‘Start a chain reaction’

Published 8:03 pm Tuesday, June 19, 2018

Approximately 21 people spoke during a public hearing regarding a conditional use permit for a 10-unit dwelling at the intersections of High, Appomattox and Oak streets June 13, with three speaking in favor of the project, 17 speaking in opposition and one taking a neutral stance on the issue.

Most of the 17 who spoke in opposition were residents of the town who feared that the proposed dwelling, which would house up to 30 students, would detract from the town’s historic value.

The project is zoned as District R-3, classified for multiple family dwellings with a conditional use permit.

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Town Mayor David Whitus said the town would not take action on the proposed project until the July meeting, when Ward A representative Greg Cole and Ward E representative J.J. “Jamie” Davis, who were absent, would return and recently-elected Ward B representative Brian Vincent would assume the seat.

The first speaker was Dr. Chuck Ross, who serves as secretary on the Farmville Planning Commission. Ross said the Town of Farmville is gaining momentum as a historic and tourist destination, thanks to the advent of Hotel Weyanoke, Third Street Brewing and Longwood Bookstore. He said many of those projects were funded by rehabilitation tax credits from the town’s historic designation. Ross said this designation could be threatened if the historic home at the intersection is removed.

“I stand here tonight to ask you to please not make a mistake that could bring the momentum we have to a halt,” Ross said.

He said the planning commission 5 to 2 vote to recommend denial of the permit were not made lightly.

He said approving the project could cause developers to consider removing a historic home rather than renovating it.

“Approval of this project would start a chain reaction that would not only give away our best economic leverage for continuing to improve Farmville, but would also destroy our town’s most beautiful neighborhood,” Ross said.

Allison Martin, who lives on Grove Street, said she was also opposed to the development, and said she understands firsthand the effect student housing can have in a neighborhood.

“We don’t need another 30 students,” Martin said. “We don’t need more cars. We don’t need more traffic. We don’t need more trash. That’s what I live with. I have to fight all of the time to be able to park in front of my own home.”

Jimmy Hurt, president of the Farmville-Prince Edward Historical Society, said he had been contacted by residents about the historical significance of the intersection. He said the organization decided to stay neutral to the issue.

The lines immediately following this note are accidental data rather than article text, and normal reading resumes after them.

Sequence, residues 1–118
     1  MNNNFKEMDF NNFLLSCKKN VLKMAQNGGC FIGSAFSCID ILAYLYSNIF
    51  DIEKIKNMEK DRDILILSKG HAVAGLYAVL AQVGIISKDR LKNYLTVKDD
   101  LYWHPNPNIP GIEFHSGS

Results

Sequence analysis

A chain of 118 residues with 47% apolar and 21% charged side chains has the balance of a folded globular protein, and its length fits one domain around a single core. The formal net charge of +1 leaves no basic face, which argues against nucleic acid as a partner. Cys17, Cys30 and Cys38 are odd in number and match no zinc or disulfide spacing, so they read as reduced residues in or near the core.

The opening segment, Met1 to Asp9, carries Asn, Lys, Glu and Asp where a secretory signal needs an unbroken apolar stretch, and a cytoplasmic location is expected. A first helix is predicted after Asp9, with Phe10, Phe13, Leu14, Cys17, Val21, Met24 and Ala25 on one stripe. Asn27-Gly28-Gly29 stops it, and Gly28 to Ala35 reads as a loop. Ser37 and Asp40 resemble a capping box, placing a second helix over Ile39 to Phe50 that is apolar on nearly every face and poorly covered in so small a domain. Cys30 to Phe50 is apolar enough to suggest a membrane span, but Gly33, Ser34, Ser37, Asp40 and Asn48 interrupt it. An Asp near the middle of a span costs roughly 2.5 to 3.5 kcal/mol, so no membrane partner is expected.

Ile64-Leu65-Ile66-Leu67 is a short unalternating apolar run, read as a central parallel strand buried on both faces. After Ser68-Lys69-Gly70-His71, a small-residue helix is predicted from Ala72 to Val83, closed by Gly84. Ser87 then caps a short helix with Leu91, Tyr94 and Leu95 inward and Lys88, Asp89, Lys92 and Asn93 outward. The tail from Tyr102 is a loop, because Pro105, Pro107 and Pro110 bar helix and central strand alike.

“We’ve been bombarded with requests to get involved in this discussion,” Hurt said. “At the historical society, we deal with history, things that happened in the past, not what’s going to happen. I’m not here tonight to try to influence council one way or the other. We just want to say that individuals, we can come here and say what we want, but as president of the historical society, I am here to say we are remaining neutral. We don’t get into the middle of issues that the town needs to be concerned with.”

Frank Rennie, attorney for the Martins, said the project is in accordance with Virginia laws and zoning laws in the town itself.

“Others in this community have been afforded the opportunity to utilize their property and have been granted that right of this council,” Rennie said. “The Martins only ask that they are given the same opportunities that others have received in the community. The Martins have gone to great lengths and great expense to plan their building, taking into account the input of the community. They’ve made every effort to accommodate the community, and now they ask for the same accommodation from the council. There’s no question the Martins may remove the buildings on their property and do so without input from the town or from the neighbors.”

Rennie said the Supreme Court of Virginia has opined that a governing body may not base a zoning decision solely on aesthetics.

“So if the Martins have a right to remove the buildings, and the council can’t consider aesthetics as a sole factor, it would be consistent for the council to approve the Martins’ plans. The Martins are counting on this council to be fair, and to provide them with equal treatment under the law.”

“Strong emotions have been displayed in this chamber,” Rennie said. “But what this boils down to is a fundamental right to utilize private property consistent with the law. That’s what the Martins are proposing, and that’s what this body should endorse.”

Martin himself spoke during the hearing, noting that no members of the community reached out to him or to developer Mike Kelley to have a conversation about the proposed project.

Martin, a lifelong resident in Farmville, said he has lived in the home for 35 years and said the location, with the rising student population, presents frustrating challenges for them.

“At least once a week, somebody knocks on our door at 1 or 2 o’clock in the morning and wants to know where the party is,” Martin said, who also cited rocks and eggs thrown at the home. “We pick up the trash. We get the drunk students.”

He said the project is compliant with the area’s zoning laws.

“We have worked very hard to conform to all the town council has asked,” Martin said. “We’re not asking for any variances. Farmville code requires exactly what we’re presenting. We’re happy with the extra security and protection this building will afford students.”